Chimamanda Ngozi Adichie on The Reading Life
Click here to read “Apollo”
I have been reading the work of Chimamanda Ngozi Adichie for a few years. I have posted on two of her three novels, Half of a Yellow Sun and Purple Hibiscus as well as four of her short stories. I hope to read her latest novel Americanah by the end of next year. (A detailed bio and links to her short stories can be found on her website.)
“Apollo” is set in Enugu, in Southeastern Nigeria. The narrator as the story opens is just back from a visit to his parents. They are retired professors, he was their only child, born many years into the marriage. He notices his parents are reverting to folk beliefs they would have once scoffed at. On this latest visit they have news about a house boy they fired fifteen years ago, Raphael. He was arrested as a leader of a gang doing house robberies.
The narrator begins to think back about Raphael, he was only thirteen. His parents wanted him to focus on studies and love reading as they did. He wanted to learn Kung Fu. Raphael begins to teach him. We feel a possible sexual stirring.
I don’t want to spoil the second half of the story but you will see the narrator is still troubled by an incident from long ago. Plus you can learn why the story is called “Apollo”, space travel is not involved.
This is a very interesting story, about memory, relationships with ageing parents, class markers all subtly done.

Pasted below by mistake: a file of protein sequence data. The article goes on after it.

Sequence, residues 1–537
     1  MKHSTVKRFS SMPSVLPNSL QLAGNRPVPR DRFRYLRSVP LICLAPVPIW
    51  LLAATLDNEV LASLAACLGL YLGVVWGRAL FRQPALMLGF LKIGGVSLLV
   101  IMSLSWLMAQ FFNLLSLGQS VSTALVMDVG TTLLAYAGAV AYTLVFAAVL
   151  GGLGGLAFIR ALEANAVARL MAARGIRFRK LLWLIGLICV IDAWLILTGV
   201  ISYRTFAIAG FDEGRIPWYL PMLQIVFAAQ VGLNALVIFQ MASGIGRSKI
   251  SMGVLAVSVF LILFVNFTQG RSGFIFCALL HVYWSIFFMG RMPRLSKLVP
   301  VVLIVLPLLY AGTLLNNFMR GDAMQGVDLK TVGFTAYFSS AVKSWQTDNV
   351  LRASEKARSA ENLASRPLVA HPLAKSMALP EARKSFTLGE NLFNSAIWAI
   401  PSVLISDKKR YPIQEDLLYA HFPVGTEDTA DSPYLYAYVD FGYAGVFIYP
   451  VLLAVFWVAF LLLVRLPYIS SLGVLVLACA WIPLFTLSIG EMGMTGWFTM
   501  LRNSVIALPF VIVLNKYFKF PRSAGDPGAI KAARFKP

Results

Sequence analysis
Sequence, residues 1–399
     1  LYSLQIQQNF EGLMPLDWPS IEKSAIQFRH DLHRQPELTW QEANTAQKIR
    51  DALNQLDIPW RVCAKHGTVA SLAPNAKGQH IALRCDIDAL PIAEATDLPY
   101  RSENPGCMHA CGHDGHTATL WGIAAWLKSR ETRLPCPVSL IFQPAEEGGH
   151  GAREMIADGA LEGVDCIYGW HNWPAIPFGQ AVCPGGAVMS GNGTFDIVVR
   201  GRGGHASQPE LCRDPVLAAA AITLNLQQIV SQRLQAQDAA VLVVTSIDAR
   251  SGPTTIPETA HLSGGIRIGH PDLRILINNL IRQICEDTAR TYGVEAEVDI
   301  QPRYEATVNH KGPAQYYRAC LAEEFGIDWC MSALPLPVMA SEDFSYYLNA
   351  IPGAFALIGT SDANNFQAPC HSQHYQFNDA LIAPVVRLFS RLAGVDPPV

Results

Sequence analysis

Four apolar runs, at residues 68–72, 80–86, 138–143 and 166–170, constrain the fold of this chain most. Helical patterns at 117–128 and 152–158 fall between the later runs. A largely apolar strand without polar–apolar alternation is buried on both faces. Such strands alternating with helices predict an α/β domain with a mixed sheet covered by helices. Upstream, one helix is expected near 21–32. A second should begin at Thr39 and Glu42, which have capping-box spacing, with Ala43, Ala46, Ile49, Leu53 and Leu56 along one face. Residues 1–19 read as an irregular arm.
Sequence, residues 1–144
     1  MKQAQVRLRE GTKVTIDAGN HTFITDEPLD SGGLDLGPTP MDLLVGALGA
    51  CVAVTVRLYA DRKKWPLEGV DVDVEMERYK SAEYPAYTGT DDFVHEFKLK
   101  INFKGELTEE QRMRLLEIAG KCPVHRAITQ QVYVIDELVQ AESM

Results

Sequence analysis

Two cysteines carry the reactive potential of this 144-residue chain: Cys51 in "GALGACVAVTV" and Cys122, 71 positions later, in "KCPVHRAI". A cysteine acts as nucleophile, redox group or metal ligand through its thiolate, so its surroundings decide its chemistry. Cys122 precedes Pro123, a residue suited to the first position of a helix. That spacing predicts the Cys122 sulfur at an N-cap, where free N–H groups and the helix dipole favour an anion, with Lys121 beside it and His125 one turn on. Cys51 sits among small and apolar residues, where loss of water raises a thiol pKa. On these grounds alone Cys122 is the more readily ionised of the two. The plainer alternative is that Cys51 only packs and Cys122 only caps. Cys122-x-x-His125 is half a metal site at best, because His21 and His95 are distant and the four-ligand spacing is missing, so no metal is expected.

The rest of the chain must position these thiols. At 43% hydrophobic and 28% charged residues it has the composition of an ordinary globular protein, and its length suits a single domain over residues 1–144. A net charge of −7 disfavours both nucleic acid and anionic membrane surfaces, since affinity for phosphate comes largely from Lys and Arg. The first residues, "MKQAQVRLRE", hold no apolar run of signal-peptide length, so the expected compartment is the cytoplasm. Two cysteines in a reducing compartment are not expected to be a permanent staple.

Please share your experience with the work of Chimamanda Ngozi Adichie with us.
I never knew that Adichie had written short stories too. I am curious to read this. I have read her 'Americanah' which I adored and her 'We Should All Be Feminists'. I have now bookmarked two short stories you shared, Mel. I am going to read all of it soon. Thank you!
Deepika. Check out her webpage, there are links to stories there. Glad to hear you like Americanah, I hope to read it next year, thanks for your comments
Hi Mel, I read 'Apollo' now. Thank you for sharing. (The New Yorker tells me that I can read two more stories only for this month. I don't think I can afford to subscribe. So I am saving these stories like a squirrel.)
I love Adichie more after read ' Apollo'. Old age has made the narrator's parents tender. I liked how Adichie presented that transition of them being unkind and rigid to fragile people who believe in all sorts of stories. My heart is after Raphael.
And even in this short story and in just a few thousand words, Adichie takes us to her place, makes us have her food, and shares the intimate story of her people. She is a talented writer.
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